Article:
What is I/O Bound and CPU Bound in async?

In asynchronous, I/O bounds are tasks that require a response from outside sources like services, APIs, etc., our processor waits for these services to finish their tasks and respond.
CPU bounds are operations in which computations can be performed on a separate thread so that the main thread can continue its execution.

Patterns in Async

Async is comprised of three patterns:
  • Asynchronous Programming Model
  • Event-based Asynchronous Pattern
  • Task-based Asynchronous Pattern
It is recommended to use Task-based Asynchronous Pattern (Tap)

Structure of async and await

A keyword async should be used in a method. This async keyword alone does nothing unless and until you use an await keyword.
There should be a return type to this method like Task or Task<T> or void
For example:
public async Task<string>ExampleAsync(){}
Asynchronous method name should end with Async word, so if you are having a method Doctor it should end with DoctorAsync and if you do not use the keyword await, this will work just as a normal synchronous method.
.NET Framework 4.5 has some libraries with built-in support for Asynchronous programming with the help of async and await keywords, such as HttpClient, StreamReader, and StreamWriter. We can use these methods directly using the await keyword.
Example program on async and await using HttpClient:
  1. using System;    
  2. using System.Threading.Tasks;    
  3. using System.Net.Http;    
  5. namespace ExampleApp   
  6. {    
  7.         class Program    
  8.         {    
  9.             private const string URL = "";    
  11.             static void Main(string[] args)    
  12.             {    
  13.                 DoingSynchronous();    
  14.                 var MultiTask = MultipleTasksAsync();    
  15.                 DoingSynchronousAfterAwait();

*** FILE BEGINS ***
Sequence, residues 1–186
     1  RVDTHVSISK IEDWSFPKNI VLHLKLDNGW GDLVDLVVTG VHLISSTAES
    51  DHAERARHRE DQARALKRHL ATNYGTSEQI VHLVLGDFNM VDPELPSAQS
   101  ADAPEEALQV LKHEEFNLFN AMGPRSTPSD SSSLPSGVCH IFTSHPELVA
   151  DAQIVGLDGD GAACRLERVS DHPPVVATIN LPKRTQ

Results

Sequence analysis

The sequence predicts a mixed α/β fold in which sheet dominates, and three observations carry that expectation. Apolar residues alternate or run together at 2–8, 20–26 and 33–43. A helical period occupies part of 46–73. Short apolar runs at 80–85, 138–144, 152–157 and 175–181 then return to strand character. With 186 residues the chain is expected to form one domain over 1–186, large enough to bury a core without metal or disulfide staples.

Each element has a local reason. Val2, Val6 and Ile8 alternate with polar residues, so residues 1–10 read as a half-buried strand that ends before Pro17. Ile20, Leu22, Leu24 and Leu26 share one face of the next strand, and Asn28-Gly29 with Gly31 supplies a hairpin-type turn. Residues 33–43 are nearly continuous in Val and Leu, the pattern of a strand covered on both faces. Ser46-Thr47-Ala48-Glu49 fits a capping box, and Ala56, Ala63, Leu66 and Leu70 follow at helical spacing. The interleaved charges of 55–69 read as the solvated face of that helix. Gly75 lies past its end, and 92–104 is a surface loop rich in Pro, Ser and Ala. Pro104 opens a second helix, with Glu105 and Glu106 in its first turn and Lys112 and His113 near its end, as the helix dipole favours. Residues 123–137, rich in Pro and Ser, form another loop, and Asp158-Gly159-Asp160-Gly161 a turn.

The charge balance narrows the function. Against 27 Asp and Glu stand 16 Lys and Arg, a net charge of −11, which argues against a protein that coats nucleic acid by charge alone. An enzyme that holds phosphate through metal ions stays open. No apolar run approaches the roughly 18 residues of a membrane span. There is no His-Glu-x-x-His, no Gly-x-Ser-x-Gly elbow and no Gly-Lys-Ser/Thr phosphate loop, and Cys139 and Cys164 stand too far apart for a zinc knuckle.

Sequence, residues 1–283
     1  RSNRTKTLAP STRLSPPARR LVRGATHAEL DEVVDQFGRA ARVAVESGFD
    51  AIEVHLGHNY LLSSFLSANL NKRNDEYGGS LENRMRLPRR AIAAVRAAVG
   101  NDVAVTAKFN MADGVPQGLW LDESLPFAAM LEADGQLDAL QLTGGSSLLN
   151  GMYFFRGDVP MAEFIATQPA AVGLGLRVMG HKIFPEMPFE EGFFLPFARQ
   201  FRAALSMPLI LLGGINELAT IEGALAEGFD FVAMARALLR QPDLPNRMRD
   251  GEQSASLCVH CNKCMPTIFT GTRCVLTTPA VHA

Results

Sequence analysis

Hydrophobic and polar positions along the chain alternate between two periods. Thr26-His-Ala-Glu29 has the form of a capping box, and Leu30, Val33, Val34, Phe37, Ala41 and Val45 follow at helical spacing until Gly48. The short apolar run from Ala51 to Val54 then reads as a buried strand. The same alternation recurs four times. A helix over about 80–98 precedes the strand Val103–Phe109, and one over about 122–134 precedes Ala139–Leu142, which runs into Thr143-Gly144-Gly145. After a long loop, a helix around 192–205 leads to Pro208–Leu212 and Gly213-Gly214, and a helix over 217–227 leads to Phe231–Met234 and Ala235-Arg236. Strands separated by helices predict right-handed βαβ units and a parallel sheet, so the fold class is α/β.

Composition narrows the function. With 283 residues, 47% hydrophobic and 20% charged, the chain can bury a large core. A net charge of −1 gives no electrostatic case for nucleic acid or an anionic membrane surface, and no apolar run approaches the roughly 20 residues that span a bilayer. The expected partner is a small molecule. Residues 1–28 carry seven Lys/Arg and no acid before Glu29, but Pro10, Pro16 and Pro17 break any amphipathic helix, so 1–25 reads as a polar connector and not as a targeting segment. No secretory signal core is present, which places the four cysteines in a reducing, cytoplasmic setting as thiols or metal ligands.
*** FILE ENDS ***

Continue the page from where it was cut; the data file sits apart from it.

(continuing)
16.                 MultiTask.Wait();    
  17.                 Console.ReadLine();    
  18.             }    
  19.             public static void DoingSynchronous()    
  20.             {     
  21.                 Console.WriteLine("Writing a program");    
  22.             }    
  24.             static async Task MultipleTasksAsync()    
  25.             {    
  26.                 Console.WriteLine("Doing Multiple tasks at a time ");    
  27.                 await GetURLAsync();    
  28.             }    
  30.             static async Task GetURLAsync()    
  31.             {    
  32.                 using (var httpClient = new HttpClient())    
  33.                 {    
  34.                     Console.WriteLine("Waiting for GetURLAsync to happen");    
  35.                     string output = await httpClient.GetStringAsync(URL);   
  36.                     Console.WriteLine($"\n OK! awaiting has finished \n The length of {URL} is {output.Length} characters");    
  37.                 }    
  38.             }    
  39.             static void DoingSynchronousAfterAwait()    
  40.             {    
  41.                 Console.WriteLine("Mean While I'm doing some other work");    
  42.                 for (var i = 0; i <= 3; i++)    
  43.                 {       
  44.                     Console.Write("I'm Updating the Weather Info \t");    
  45.                 }    
  47.             }    
  48.         }    
  49. }    


Use asynchronous keywords when you're doing something that does not involve user Interface. Asynchronous programming increases the responsiveness and throughput of the application. Asynchronous deals with application throughput, which means the performance of tasks is through the computing service but not the application performance itself because throughput is a way of measuring performance. Beware of improper use of async void, since the compiler will not warn us about it. Use the Task-based asynchronous pattern for any asynchronous programming implementation.